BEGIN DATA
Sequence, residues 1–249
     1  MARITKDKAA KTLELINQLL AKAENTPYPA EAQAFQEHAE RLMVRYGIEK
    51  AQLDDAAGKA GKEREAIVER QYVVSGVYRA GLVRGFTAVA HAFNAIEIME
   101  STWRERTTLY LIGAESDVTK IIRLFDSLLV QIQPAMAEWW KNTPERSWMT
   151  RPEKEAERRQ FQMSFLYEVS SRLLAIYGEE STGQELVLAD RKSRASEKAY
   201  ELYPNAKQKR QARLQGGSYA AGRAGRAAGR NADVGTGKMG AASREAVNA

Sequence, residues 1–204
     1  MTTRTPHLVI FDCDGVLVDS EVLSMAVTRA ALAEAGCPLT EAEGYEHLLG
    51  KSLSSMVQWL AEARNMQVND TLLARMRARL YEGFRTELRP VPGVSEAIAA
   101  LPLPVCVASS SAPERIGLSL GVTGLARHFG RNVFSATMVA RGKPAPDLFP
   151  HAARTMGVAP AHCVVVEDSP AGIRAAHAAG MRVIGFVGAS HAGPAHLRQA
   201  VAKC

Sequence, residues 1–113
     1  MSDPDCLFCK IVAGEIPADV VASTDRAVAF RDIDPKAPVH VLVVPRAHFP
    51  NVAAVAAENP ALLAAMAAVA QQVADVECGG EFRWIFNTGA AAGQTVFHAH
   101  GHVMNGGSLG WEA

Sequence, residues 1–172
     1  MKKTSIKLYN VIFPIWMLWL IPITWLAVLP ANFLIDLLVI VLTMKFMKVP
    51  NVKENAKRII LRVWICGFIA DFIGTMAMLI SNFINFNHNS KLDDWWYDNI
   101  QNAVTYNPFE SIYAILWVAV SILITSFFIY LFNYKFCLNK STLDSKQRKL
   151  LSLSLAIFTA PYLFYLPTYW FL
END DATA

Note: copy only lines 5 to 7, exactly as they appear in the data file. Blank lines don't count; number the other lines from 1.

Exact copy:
   151  RPEKEAERRQ FQMSFLYEVS SRLLAIYGEE STGQELVLAD RKSRASEKAY
   201  ELYPNAKQKR QARLQGGSYA AGRAGRAAGR NADVGTGKMG AASREAVNA

Sequence, residues 1–204